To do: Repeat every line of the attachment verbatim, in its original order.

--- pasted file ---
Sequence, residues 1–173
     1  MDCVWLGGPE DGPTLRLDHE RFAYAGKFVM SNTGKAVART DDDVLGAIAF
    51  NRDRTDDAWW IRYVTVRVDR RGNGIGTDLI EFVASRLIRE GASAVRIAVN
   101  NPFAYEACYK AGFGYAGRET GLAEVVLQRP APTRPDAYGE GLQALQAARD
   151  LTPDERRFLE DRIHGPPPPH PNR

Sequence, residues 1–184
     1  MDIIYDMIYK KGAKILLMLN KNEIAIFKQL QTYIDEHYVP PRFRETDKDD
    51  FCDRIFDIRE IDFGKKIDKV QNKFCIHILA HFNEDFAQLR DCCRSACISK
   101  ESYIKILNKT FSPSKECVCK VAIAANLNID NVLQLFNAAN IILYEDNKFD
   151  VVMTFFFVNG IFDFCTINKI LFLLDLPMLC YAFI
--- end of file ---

Sequence, residues 1–173
     1  MDCVWLGGPE DGPTLRLDHE RFAYAGKFVM SNTGKAVART DDDVLGAIAF
    51  NRDRTDDAWW IRYVTVRVDR RGNGIGTDLI EFVASRLIRE GASAVRIAVN
   101  NPFAYEACYK AGFGYAGRET GLAEVVLQRP APTRPDAYGE GLQALQAARD
   151  LTPDERRFLE DRIHGPPPPH PNR

Sequence, residues 1–184
     1  MDIIYDMIYK KGAKILLMLN KNEIAIFKQL QTYIDEHYVP PRFRETDKDD
    51  FCDRIFDIRE IDFGKKIDKV QNKFCIHILA HFNEDFAQLR DCCRSACISK
   101  ESYIKILNKT FSPSKECVCK VAIAANLNID NVLQLFNAAN IILYEDNKFD
   151  VVMTFFFVNG IFDFCTINKI LFLLDLPMLC YAFI